Crime Overview Pyramid Scheme

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Millions of unsuspecting individuals are affected by pyramid schemes each year in the U.S., and billions of dollars are lost as a result of pyramid schemes annually. A pyramid scheme is an investment scheme in which a participant makes money by recruiting members who, in turn, make money by enticing others to join, often without any product or service being delivered.

The scheme is structured like a pyramid, starting with one person—the initial recruiter—who is on top, at the apex of the pyramid. This person recruits a second person, who is required to invest an amount, say $100, which is paid to the initial recruiter. In order to make his or her money back, the new recruit must recruit more people under him or her, each of whom will also have to invest $100. If the recruit gets 10 more people to invest, this person will make $900 with just a $100 investment. From there, those 10 new recruiters have to also recruit 10 new people each.

Different types of pyramid schemes include affinity group schemes, gifting schemes, investment schemes, multi-level marketing schemes, network marketing schemes, and chain letter schemes.

A successful pyramid scheme combines a fake business that seems credible enough that a monetary value may be easily attached. However, the payment itself may not actually be at a cash value. In order to gain credibility, most pyramid scams contain a lot of fake information, testimonials, and referrals. The flaw is that there is no end benefit. The money trickles up the chain and the ones at the bottom are the worst off.

Recruiting people to participate in a pyramid scheme is a felony crime in the United States, and is punishable by up to four years in prison, up to a $5,000 fine or both. Every person who recruits another participant into the pyramid scheme can be sued for twice the amount the recruit paid. If a marketing system is found to be a pyramid, the court can also order the defendant to pay civil penalties and consumer restitution. Therefore, if you are suing someone accused of running a pyramid scheme for damages resulting from the crime, whether or not they have been convicted in criminal court, you will need to hire a civil lawyer or attorney.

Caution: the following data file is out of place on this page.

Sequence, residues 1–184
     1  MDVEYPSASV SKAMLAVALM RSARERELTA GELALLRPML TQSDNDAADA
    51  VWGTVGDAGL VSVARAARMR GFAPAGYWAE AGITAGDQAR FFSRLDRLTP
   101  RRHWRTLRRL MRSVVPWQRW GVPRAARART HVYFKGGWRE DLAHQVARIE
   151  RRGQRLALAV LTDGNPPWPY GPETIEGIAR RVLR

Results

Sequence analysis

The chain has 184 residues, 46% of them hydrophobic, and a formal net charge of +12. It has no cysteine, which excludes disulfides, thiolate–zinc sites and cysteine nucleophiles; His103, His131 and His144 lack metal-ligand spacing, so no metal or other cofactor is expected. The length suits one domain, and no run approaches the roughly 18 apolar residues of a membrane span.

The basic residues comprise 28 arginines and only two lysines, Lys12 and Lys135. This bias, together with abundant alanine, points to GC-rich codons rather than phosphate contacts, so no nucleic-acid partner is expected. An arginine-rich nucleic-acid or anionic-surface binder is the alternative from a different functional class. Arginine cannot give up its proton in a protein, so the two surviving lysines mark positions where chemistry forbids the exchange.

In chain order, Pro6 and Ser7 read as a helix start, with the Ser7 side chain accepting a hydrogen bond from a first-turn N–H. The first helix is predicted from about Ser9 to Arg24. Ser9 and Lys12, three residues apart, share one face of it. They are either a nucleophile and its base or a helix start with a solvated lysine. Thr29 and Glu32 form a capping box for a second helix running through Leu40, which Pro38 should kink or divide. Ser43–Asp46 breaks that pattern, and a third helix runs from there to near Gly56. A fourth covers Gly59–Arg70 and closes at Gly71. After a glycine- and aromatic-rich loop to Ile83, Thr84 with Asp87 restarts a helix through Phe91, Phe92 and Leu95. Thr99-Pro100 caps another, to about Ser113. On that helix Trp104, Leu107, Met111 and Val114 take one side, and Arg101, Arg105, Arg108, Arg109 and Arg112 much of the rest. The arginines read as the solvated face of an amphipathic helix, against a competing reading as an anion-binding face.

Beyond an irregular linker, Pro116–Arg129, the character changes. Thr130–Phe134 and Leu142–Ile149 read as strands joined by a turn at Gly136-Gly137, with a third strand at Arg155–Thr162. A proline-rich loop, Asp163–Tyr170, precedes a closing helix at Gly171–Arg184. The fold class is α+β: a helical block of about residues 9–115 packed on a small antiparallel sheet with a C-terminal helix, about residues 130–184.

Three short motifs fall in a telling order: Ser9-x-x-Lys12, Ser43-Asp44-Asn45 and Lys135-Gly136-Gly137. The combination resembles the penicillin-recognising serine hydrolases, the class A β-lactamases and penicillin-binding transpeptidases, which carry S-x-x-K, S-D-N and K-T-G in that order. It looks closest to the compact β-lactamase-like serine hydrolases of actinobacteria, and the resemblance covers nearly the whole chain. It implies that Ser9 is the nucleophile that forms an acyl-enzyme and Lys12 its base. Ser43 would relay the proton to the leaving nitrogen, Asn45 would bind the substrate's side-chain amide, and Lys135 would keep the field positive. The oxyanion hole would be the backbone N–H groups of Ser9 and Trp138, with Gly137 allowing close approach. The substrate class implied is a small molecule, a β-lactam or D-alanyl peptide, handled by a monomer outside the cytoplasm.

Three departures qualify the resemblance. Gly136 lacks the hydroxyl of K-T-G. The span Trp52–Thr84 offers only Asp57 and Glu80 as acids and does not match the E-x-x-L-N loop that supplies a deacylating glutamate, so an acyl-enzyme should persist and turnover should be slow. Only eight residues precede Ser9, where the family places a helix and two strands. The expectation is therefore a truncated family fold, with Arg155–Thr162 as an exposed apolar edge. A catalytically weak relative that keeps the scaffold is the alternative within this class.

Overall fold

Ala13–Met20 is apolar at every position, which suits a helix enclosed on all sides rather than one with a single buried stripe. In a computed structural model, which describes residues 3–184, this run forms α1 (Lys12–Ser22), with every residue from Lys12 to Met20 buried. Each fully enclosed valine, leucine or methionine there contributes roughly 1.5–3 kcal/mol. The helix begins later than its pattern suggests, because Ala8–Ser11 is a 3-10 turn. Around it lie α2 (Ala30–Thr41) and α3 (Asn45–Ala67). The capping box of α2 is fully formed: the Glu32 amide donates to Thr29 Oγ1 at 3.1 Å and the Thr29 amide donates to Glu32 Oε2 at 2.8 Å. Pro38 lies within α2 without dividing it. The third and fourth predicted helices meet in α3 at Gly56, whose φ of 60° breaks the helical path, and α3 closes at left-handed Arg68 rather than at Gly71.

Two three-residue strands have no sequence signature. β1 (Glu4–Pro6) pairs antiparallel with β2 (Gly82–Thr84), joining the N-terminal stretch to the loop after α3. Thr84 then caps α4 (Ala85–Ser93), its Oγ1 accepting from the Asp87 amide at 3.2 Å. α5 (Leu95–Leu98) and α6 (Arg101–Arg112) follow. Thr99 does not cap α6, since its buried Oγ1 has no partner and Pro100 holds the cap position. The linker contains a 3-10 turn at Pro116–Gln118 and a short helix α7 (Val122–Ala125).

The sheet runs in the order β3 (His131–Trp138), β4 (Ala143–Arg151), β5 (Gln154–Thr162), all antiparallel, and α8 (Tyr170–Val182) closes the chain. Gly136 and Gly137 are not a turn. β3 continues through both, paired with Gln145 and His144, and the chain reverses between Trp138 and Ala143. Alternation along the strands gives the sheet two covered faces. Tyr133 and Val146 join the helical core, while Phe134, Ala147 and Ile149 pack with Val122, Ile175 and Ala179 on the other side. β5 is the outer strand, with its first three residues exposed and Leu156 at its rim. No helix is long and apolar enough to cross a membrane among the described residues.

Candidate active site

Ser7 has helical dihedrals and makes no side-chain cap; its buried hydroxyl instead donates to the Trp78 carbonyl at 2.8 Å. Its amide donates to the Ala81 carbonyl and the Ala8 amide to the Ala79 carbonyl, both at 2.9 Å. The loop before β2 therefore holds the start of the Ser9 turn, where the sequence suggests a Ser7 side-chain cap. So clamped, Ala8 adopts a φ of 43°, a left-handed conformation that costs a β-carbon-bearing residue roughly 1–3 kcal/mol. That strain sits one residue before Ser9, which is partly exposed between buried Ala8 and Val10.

If you have been accused of being involved in a pyramid scheme, you should hire a criminal lawyer or attorney to help you with your case. Criminal lawyers and attorneys represent individuals who have been charged with crimes by arguing their cases in courts of law. After your arrest on grounds of conducting a pyramid scheme, request an attorney or contact a private criminal lawyer or attorney immediately.

Your criminal attorney will not only be familiar with laws concerning pyramid schemes in your state, but will also have knowledge of any precedents or recent cases which might have a relevant bearing on your case. Furthermore, skilled criminal attorneys are well-versed in the customs of court and the political and legal climate of that particular jurisdiction. Therefore, they will be able to work in your best interest, possibly brokering a plea deal or arguing for your defense should your case go to trial.

If you are ready to contact a criminal lawyer or attorney to help you with your case, visit the American Bar Association. The American Bar Association offers free access to their lawyer locator, a search function that can help you search for a suitable criminal lawyer or attorney in your area.

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